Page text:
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Map, United States, Pictorial, Folk Music, Dorothea Dix Lawrence, Vintage Print, c. 1946

$800

Dorothea Dix Lawrence (1899-1979)
Harry Cimino (1898-1969)
Folklore Music Map of The United States – The Primer of American Music
Hagstrom Company, Inc., 311 Broadway, New York, 1946 (copyright)
Color process print
22 x 29 inches, image
23.5 x 31 inches, overall
$800

Large United States pictorial map showing folk music of the country, within a border of musically themed illustrations. Regional American songs are depicted with the title of the song, a line of musical notes, and a corresponding image. “Hunting Song” is illustrated with a Native American with a bow and arrow in New Mexico; “Fisherman’s Song” shows a man on the Columbia River holding a fish. The assortment of instruments illustrated in the borders includes a lyre, zither, guitar, mandolin, Indian water drum, banjo, and bull fiddle. Seven Zuni Native American symbols and colors representing the notes of the musical scale appear in the upper border. The map’s musical classifications illustrated in the border include ballads, sea shanties, and sagas, as well as songs of fishermen, lumberjacks, and pioneers. A table of explanations is also provided to identify them. In addition, Bayou ballads, Creole folk songs, early California music, songs of the open range, Louisiana folk music, folk hymns, African-American spirituals, and songs for children are shown.

Product description continues below.

Description

This map was copyrighted in 1946 and published by Hagstrom Company, Inc. according to Library of Congress copyright records. WorldCat lists “3 editions published between 1946 and 1950 in English” without further explanation. In 1948, the company moved to 311 Broadway. The offered example has a revised copyright line as follows: “Published by Hagstrom Company, Inc., 311 Broadway, New York, 7 N.Y.” This address establishes its publication date as prior to the introduction of zip codes in 1963. Presumably then, maps with this address were republished and printed roughly from 1948 until around the early 1960s.

Dorothea Dix Lawrence was a successful soprano opera singer in the 1930s and 1940s, then became a leading champion and scholar of American folk music. She gave hundreds of lecture-recitals across the United States and Europe with a repertoire ranging from a variety of Native American songs in their original languages to Americana songs by established composers. Her Folklore Music Map of the United States was copyrighted in 1946 and subsequently widely distributed in American schools. She later published her songs in the book Folklore Songs of the United States. Lawrence gave “Musically Mapping America” talks throughout the United States and Mexico until her retirement in 1970. Her papers are in the Dorothea Dix Lawrence Collection at the Library of Congress.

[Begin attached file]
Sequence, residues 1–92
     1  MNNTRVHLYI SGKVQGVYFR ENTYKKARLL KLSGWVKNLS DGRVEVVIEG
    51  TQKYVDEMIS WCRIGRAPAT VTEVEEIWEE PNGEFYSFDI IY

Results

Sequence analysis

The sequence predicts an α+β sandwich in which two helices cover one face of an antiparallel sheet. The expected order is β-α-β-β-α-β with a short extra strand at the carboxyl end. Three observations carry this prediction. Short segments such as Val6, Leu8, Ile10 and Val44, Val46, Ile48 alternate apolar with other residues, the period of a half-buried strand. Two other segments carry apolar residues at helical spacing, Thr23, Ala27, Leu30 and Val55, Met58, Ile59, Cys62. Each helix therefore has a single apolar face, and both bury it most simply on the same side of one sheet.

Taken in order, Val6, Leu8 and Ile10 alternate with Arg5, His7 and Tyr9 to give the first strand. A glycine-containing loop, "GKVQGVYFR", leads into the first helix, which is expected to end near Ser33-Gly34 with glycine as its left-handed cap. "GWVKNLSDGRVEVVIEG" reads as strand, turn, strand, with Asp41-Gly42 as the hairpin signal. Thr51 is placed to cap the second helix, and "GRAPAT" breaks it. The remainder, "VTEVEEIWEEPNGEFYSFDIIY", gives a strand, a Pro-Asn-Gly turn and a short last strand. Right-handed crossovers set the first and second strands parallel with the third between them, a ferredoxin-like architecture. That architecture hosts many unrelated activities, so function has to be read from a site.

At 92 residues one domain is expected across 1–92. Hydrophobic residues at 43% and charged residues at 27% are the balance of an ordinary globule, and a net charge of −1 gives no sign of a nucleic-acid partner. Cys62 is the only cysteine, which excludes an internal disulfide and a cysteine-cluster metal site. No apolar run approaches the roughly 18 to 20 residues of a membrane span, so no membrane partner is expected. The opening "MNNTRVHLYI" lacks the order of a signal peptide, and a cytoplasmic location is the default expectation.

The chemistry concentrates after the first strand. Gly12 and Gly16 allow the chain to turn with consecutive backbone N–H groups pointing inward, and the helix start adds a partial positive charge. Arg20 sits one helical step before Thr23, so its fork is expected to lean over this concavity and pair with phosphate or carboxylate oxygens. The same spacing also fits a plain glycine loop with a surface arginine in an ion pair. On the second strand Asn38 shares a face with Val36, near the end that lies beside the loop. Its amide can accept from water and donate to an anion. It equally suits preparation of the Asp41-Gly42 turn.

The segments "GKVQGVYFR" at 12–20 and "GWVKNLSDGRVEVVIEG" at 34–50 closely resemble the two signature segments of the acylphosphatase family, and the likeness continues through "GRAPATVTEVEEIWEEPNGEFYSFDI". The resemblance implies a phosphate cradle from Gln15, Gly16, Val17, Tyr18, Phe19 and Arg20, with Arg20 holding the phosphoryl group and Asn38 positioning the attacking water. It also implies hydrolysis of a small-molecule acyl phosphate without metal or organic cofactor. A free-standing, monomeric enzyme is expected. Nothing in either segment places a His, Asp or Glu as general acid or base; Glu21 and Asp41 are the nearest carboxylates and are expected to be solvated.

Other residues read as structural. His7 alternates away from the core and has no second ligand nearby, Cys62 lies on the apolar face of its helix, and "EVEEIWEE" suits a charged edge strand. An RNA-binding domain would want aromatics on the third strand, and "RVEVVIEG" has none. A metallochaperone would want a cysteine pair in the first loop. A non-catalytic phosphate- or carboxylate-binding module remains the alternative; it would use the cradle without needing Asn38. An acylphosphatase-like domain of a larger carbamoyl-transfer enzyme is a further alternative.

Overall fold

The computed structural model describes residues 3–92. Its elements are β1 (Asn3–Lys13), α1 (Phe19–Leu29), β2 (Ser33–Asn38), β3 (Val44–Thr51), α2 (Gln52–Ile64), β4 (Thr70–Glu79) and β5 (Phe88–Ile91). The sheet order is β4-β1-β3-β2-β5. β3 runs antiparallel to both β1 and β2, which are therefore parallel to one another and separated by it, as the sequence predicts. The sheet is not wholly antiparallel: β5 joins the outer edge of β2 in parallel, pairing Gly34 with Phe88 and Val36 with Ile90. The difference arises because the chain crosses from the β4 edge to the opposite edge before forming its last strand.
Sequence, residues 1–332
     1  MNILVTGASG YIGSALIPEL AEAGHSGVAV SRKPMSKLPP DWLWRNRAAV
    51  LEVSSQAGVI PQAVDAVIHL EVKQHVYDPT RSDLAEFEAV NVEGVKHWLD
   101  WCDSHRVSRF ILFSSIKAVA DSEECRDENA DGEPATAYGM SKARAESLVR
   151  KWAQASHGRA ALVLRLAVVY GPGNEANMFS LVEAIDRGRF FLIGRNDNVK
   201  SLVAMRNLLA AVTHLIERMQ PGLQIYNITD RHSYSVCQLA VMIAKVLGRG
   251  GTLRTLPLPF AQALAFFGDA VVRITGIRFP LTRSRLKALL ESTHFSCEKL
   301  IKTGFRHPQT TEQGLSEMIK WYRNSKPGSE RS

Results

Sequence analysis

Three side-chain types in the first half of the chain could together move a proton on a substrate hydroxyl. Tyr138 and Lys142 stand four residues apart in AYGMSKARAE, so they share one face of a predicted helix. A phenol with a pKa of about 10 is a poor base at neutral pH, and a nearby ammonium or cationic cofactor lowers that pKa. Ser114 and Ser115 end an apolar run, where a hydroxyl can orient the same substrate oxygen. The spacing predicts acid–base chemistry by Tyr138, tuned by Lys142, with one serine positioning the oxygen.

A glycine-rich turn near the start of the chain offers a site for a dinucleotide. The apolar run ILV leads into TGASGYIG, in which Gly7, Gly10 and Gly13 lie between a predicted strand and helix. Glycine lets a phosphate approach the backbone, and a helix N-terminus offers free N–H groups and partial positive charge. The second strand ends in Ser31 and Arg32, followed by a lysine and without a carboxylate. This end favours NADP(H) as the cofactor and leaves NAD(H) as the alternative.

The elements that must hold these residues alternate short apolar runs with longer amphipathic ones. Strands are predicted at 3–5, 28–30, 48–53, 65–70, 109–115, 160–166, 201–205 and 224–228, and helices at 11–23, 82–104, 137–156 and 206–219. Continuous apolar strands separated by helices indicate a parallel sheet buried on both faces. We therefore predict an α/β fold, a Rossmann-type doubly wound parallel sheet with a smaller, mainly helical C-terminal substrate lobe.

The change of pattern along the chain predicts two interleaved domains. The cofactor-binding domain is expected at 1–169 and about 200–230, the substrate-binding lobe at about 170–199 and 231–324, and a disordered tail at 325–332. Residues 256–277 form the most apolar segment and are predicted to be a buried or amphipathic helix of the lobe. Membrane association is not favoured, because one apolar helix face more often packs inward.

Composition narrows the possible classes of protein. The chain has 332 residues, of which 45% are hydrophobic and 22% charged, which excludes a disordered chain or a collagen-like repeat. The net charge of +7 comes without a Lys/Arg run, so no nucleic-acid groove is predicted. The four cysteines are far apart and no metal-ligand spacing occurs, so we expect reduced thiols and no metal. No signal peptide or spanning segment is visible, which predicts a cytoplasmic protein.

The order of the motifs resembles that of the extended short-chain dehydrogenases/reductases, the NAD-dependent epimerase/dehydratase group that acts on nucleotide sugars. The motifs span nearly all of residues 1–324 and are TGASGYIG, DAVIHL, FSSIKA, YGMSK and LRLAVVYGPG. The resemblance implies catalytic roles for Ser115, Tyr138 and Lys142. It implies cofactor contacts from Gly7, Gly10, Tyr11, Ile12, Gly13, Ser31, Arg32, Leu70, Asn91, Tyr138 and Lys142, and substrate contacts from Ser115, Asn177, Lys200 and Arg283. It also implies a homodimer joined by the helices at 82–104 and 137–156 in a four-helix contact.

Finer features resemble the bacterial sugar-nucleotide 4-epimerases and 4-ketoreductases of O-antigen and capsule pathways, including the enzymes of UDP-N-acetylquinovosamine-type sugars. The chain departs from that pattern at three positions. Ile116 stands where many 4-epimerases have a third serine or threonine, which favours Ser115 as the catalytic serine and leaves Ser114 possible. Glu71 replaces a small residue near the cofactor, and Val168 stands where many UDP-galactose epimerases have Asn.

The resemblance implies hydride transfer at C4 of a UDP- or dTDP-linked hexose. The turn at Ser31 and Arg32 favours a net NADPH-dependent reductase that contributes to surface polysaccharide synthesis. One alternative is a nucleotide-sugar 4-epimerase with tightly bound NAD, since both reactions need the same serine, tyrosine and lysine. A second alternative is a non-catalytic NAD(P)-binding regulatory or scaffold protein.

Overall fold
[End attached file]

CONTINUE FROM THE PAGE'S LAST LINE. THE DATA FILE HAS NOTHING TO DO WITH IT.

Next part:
Harry Cimino, a collaborator on the Folklore Music Map, studied at the Art Institute of Chicago and at the Art Students League, New York. During his long career, he contributed illustrations to numerous books, and was particularly known for his wood engravings.

Condition: Generally fine overall, apparently relatively uncirculated, with only light toning, wear, handling.

References:

“Eastman lecture spotlights folklorist.” University of Rochester. 24 July 2000. http://www.rochester.edu/eastman/html/recentnews/dorothea_dix.html (12 February 2003).

Hornsby, Stephen J. Picturing America, The Golden Age of Pictorial Maps. Chicago: University of Chicago Press, 2017. Pl. 44, pp. 79, 112-13.

 

Additional information

Century

20th Century